Do they really work well?

    Thanks much for any information.
     
  17. ghodur

    ghodur

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    Oh I've loved both of mine and I've used one for years. The new fuzzy logic ones are especially good, but I also got great results with a simple on/off one. It does make a difference if you fluff the rice at the beginning of the keep-warm cycle and then close the lid and let it steam for 10-15 minutes. The only times I've had soggy rice were when I decided to dish it up without letting it steam.
     
  18. michaelga

    michaelga

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    They work incredibly well.

    Unless you are a complete 'master' at cooking rice - then it will likely cook rice way better.  Where it excels is cooking a batch of rice that you've never cooked before... no more messing around figuring out the perfect timing and water ratios - only to end up running out of that batch.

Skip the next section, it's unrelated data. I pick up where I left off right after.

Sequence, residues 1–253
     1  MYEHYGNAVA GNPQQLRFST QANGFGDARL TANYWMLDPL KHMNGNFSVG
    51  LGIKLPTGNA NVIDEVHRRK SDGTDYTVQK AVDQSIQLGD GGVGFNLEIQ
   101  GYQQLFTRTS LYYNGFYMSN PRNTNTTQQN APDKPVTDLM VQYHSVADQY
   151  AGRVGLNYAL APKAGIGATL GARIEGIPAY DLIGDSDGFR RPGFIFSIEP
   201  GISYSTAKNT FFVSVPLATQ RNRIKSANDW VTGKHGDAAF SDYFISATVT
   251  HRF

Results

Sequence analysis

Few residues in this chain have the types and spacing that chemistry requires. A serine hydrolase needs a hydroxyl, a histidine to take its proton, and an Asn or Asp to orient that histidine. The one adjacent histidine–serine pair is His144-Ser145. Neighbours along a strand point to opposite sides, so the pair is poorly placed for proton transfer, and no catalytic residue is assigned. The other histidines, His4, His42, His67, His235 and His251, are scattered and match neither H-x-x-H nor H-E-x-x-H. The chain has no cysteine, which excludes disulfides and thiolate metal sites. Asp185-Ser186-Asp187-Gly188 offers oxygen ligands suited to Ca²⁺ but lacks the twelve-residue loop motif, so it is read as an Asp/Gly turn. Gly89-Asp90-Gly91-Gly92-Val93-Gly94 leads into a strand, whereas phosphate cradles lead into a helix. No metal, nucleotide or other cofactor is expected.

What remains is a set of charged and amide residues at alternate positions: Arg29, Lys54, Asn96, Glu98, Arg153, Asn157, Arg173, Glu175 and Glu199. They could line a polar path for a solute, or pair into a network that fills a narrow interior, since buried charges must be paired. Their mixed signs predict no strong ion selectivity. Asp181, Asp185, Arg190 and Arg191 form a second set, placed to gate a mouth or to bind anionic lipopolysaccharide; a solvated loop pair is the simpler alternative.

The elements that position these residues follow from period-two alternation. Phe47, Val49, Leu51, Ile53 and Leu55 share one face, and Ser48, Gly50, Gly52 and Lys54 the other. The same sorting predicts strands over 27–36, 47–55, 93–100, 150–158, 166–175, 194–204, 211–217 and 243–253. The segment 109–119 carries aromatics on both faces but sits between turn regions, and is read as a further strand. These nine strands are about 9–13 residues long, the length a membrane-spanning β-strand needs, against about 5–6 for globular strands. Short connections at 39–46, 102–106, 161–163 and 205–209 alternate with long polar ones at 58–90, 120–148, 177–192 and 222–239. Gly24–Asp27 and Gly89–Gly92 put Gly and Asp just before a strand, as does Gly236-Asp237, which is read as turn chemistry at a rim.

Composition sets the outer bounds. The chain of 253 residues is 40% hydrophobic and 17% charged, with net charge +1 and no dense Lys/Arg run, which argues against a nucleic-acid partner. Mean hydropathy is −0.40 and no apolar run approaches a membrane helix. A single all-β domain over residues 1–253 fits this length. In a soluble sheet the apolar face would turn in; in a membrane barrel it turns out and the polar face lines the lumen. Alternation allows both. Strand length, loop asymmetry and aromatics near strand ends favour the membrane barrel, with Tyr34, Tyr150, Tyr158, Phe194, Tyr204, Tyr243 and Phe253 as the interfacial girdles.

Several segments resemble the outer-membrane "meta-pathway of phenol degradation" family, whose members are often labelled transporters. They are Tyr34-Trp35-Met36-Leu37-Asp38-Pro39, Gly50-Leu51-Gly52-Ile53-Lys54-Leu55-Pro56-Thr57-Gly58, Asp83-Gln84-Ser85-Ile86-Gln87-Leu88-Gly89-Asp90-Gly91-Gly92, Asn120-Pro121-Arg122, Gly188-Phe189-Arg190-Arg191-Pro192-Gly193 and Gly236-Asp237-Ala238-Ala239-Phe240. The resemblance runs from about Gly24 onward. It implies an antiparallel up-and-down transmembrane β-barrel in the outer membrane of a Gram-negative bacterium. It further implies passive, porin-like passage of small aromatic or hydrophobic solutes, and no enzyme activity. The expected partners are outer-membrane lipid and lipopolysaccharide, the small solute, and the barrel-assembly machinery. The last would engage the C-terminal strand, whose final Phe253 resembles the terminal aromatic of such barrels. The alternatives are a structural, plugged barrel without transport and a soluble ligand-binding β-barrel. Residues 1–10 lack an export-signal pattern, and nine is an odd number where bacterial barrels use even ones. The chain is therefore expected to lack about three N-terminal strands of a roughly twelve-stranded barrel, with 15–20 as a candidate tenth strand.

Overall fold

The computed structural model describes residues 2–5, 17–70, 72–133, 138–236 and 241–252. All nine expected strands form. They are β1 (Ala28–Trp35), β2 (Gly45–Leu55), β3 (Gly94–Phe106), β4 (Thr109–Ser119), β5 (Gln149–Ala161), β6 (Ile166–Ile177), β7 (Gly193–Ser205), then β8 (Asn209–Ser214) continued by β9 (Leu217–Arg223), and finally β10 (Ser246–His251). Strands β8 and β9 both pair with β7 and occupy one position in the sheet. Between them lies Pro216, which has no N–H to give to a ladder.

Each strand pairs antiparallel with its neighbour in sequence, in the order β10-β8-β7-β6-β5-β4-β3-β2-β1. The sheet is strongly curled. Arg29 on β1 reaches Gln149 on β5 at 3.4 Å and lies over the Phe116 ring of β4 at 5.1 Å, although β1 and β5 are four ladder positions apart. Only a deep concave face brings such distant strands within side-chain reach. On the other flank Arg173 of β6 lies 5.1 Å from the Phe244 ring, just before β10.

The product comes out perfect every time - there are programs for every type of rice and the logic (programming) is very well honed.

    Just to be clear I'm talking about the ones that use 'fuzy-logic' or 'micom' processors.  

    Induction heating is very nice to have as it can really hold a precise 140F that won't harm the quality of the rice over a long period of time.   The induction models are also way more accurate as they don't have to deal with coasting or thermal mass as much and the temp isn't simply on/off it can be varied by the computer.

    If you can spend the extra get one that uses pressure also.

    As you can probably tell I'm a big fan.
     
  19. raibeaux

    raibeaux

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    Hi.  Any suggestions as to brand or model?  Anything new on the market you've heard about?  I'm gonna check into this.  Thanks for the input.
     
  20. raibeaux

    raibeaux

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    The one I'm looking at on Amazon is this:   

    How many actual US cups can be correctly cooked in this?  Is this the one you're talking about?  I can't find a fuzzy-logic, induction cooker in a larger size than this.  Do you know of one?

    Thanks again for the information.